Similarly, 22-year-old Nilesh (name changed) suddenly suffered a heart attack. While he was brought to Fortis Hospital, Kalyan, just in time that saved his life, further investigations by doctors at the hospital revealed that he had a cardiac abnormity by birth which was never unravelled before. Nilesh also consumed tobacco regularly which caused his condition to aggravate. He was treated with a clot-buster injection in view of clotting and his age.

RISING RISK OF HEART ATTACKS IN YOUNG PEOPLE

These are just a few examples of the many cases of heart attacks among young Indians that doctors have experienced. The number is constantly mounting. Initially, these increasing number of cardiac events among young and active people puzzled experts, but now the picture seems clearer. Blame it on sedentary lifestyle and health negligence. Key risk factors of having a heart attack at a young age include:

• Substance abuse or excessive alcohol use

• Smoking

• High blood pressure

• High cholesterol levels

• Lack of physical activity

• Diabetes

• Obesity

• Poor diet

WHY PRIMORDIAL PREVENTION IS KEY?

Primordial prevention is necessary. This means trying to prevent the progression of the heart attack risk factors themselves. This includes trying to change the social and environmental conditions that could develop and progress risk factors. These are things that we have control over such as exercising, eating nutritious foods, not smoking, managing stress and blood pressure. Primordial prevention also includes education about what behaviours put you at risk for Cardiovascular Disease (CVD), along with the above-mentioned risk factors, the list includes:

• Family history of Cardiovascular Disease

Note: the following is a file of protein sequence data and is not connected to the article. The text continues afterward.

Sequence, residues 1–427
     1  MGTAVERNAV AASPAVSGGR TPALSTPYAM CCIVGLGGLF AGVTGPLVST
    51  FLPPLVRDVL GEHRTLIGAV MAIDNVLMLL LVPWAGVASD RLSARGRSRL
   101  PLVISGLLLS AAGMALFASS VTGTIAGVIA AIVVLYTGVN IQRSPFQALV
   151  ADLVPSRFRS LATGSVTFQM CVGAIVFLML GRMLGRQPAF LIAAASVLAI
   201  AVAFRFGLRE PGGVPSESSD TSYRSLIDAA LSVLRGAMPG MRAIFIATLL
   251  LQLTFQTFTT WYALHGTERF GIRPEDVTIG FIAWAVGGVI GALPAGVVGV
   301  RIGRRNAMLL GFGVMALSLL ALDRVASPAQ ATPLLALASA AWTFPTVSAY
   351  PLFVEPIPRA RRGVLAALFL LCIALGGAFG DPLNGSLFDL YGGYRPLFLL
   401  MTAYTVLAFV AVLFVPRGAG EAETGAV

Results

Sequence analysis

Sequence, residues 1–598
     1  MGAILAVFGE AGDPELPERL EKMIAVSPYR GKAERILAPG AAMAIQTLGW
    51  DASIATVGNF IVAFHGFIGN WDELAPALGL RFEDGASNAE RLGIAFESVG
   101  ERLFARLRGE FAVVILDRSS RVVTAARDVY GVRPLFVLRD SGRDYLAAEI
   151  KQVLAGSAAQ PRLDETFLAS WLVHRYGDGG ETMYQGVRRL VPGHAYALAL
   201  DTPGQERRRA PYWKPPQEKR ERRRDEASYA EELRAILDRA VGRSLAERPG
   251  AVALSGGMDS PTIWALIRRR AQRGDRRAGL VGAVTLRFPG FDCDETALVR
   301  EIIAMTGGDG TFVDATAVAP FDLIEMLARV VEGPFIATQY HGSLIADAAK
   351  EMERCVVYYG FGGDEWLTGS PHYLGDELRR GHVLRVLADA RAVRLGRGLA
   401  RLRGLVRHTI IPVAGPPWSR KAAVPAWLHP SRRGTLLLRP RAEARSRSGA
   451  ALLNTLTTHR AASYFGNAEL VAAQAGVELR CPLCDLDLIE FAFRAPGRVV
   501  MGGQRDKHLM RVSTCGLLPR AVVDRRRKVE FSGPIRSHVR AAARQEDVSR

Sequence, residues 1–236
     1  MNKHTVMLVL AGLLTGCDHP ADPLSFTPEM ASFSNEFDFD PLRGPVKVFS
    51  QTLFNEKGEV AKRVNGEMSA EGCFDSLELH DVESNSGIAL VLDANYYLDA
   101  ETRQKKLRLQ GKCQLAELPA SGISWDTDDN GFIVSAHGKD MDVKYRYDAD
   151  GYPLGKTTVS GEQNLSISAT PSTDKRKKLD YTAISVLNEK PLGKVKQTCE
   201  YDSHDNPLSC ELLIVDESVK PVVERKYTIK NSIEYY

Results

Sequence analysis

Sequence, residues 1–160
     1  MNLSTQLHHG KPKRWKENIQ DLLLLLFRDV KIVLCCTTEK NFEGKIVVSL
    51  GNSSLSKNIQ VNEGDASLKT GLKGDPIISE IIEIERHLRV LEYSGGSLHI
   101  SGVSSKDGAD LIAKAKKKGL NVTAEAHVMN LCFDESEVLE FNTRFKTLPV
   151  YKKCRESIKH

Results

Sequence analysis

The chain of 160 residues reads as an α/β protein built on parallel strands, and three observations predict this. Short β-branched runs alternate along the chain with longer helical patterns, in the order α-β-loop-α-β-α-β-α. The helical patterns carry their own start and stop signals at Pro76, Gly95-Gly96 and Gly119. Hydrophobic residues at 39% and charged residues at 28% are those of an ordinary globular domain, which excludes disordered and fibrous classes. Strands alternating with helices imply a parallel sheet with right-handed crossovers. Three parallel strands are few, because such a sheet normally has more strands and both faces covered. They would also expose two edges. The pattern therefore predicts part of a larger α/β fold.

• Sedentary lifestyle

Now, the fact remains that heart attacks can happen to anyone – but the risk is especially high when genetics come into play. Primordial and primary prevention is crucial for those with a family history of heart disease. A person’s hereditary risk of heart disease is defined by having a first-degree male relative (like father, brother or son) under the age of 55 years with a Heart Attack or Stroke history, or a first-degree female relative (like mother, sister or daughter) under the age of 65 years with a Heart Attack or Stroke history.

In the end, our lifestyles need to change. Not enough young people take their risk factors seriously and that’s dangerous. We need to be aggressive about risk factor modification and build a society that is not only informed but empowered to resolve and reverse risk factors.

The writer is Senior Consultant-Interventional Cardiology, Fortis Hospital, Kalyan.

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STRESS LINKED TO CROHN’S DISEASE FLARE-UPS: STUDY

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According to new research by McMaster University, it is possible that psychological stress could be associated with Crohn’s disease flare-ups.

The study has been published in the ‘Nature Communications Journal’. Researchers using mouse models found that stress hormones suppressed the innate immune system that normally protected the gut from invasive Enterobacteriaceae, a group of bacteria including E. coli that has been linked to Crohn’s disease.

The key to innate immunity is the protective barrier of epithelial cells in the gut, which rely on molecular signals from immune cells to keep out harmful microbes, repair the cell wall and secrete mucus. Without properly functioning immune cells, the epithelial cellular wall can break down, allowing microbes associated with Crohn’s disease to invade the gut and trigger symptom flare-ups.

“The main takeaway is that psychological stress impedes the body’s ability to fight off gut bacteria that may be implicated in Crohn’s disease. Innate immunity is designed to protect us from microbes that do not belong in the gut, like harmful bacteria,” said senior author Brian Coombes, professor and chair of biochemistry and biomedical sciences at McMaster.

“When our innate immune system functions properly, it prevents harmful bacteria from colonizing us, but when it breaks down, it leaves an opening for pathogens to colonize locations they normally cannot and cause illness,” he added.

Coombes said that removing stress hormones in the mouse models restored proper function to immune cells and epithelial cells, blocking the invasion of harmful microbes.

While this discovery could lead to new treatments for Crohn’s disease, Coombes emphasized these findings are still at the pre-clinical stage and more work needs to be done.